Maurice Auslander studied at Columbia University in New York where he obtained his B.S. in 1949. Remaining at Columbia he worked for his doctorate on group theory under the supervision of R L Taylor. He left New York in 1953 when he was appointed as an Instructor at the University of Chicago. After submitting his doctoral thesis to Columbia University, he was awarded his Ph.D. in 1954.
After a year as an Instructor at Chicago University, Auslander was appointed as an Instructor at the University of Michigan. He held this post for two academic years, 1954-56, before being awarded an NSF Fellowship which enabled him to spend the year 1956-57 at the Institute for Advanced Study in Princeton. The year 1956 marks an important stage in his career for in that year he published his first joint paper with D Buchsbaum Homological dimension in Noetherian rings. It was to be the first of many joint papers that the two mathematicians produced in a long and fruitful collaboration.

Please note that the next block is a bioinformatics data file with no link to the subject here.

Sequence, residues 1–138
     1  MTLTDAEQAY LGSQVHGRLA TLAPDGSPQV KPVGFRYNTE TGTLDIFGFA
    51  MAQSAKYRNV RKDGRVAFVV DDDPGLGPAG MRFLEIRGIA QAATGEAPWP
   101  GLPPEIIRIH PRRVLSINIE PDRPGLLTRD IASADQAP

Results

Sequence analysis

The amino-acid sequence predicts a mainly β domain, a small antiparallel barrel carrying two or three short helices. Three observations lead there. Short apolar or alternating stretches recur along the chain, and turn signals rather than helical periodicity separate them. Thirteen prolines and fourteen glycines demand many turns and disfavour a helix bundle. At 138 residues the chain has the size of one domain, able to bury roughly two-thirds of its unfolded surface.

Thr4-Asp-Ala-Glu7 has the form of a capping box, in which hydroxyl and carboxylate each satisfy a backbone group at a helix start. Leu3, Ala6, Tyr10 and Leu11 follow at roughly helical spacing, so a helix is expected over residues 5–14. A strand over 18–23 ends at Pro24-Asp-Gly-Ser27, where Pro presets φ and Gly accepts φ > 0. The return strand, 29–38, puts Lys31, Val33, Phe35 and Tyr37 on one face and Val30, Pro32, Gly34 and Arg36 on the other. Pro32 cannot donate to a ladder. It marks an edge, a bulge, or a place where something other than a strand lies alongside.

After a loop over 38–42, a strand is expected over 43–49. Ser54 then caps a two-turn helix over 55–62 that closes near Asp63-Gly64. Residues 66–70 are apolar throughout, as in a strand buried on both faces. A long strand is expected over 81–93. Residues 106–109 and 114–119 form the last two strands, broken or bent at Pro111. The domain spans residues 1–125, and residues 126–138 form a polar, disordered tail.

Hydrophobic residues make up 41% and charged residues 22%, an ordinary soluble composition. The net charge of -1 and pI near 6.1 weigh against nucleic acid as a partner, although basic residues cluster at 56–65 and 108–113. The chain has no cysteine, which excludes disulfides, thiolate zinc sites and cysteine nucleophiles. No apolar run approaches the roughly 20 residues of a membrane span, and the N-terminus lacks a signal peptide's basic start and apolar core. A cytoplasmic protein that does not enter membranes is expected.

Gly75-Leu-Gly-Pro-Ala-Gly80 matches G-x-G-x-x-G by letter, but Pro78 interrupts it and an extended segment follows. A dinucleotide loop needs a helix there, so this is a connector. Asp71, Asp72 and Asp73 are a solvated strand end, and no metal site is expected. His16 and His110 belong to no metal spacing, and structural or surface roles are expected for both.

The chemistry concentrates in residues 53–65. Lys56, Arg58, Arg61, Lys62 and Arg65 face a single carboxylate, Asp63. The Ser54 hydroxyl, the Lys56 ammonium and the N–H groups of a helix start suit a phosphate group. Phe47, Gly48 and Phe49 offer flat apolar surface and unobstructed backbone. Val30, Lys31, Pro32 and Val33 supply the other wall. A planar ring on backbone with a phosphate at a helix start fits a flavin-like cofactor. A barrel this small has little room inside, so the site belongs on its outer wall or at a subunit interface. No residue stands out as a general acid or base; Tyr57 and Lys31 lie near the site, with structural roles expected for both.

In 1957 Auslander was appointed as an Assistant Professor at Brandeis University. Three years later he was promoted to Associate Professor and he became Chairman of the Mathematics Department at Brandeis. After holding this post for a year, Auslander was awarded an NSF Senior Postdoctoral Fellowship which enabled him to spend the academic year 1961-62 at the University of Paris. He published Modules over unramified local rings in 1961 which continued, and to a certain extent completed, the work which he had begun with Buchsbaum over five years before.
Auslander was invited to give a special lecture at the International Congress of Mathematicians in Stockholm in 1962. He chose to speak on his results on modules over unramified local rings. It was the first of two addresses he gave to the International Congress of Mathematicians, the second being in 1986 at Berkeley. Returning to Brandeis in 1962, Auslander was promoted to full Professor in 1963, a position that he held until his death in 1994.